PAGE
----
Posted on December 15, 2014
After all of the time-sharing schedules have been hammered out and the holiday schedules painstakingly set in stone, the issue of the child tax exemptions comes to the forefront of the settlement discussions in a divorce . Tax exemptions add up to a lot of money–and for some, might make or break your budget for the year. The parent with the majority of the time sharing typically is entitled to claim the exemptions but it does not have to be this way. The parent with the least amount of time sharing might also be able to claim the exemption, provided the parties agree.
No one wants to be the subject of an IRS Audit, but it may be inevitably so if you and your significant other do not resolve the issue of the exemptions upfront. There are at least three things you need to know when you are dealing with the exemptions for the future tax years.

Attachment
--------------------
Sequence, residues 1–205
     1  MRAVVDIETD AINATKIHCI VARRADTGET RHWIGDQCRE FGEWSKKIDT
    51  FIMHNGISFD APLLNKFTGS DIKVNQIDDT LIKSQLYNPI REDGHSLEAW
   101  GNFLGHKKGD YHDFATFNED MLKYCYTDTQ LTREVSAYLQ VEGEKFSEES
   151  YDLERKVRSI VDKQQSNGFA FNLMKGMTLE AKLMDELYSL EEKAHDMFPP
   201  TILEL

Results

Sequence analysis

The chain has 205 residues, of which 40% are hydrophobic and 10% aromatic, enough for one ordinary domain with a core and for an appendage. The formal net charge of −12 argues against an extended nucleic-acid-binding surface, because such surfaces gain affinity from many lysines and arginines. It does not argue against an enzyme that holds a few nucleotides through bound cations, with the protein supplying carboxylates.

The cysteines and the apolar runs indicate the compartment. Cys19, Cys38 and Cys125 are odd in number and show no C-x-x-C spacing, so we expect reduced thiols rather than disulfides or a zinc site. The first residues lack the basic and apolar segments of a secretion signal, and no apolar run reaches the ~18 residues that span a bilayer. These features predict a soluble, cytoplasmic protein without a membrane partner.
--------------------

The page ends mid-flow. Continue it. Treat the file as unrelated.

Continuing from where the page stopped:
First, get your agreement on the tax exemptions in writing. Do not leave this issue to chance—oral agreements are great but having something in writing will save you money in the long run. Second, be familiar with IRS Form 8332 , also known as “Release/Revocation of Release of Claim to Exemption for Child by Custodial Parent”. And third, review the requirements of the IRS’ Earned Income Credit , specifically Rules 8 and 9, which specifically set forth the “relationship, age, residency, and joint return tests” to properly claim your children on your tax returns. Knowing your rights and eligibility upfront will save you time, energy, and effort when dealing with a difficult spouse.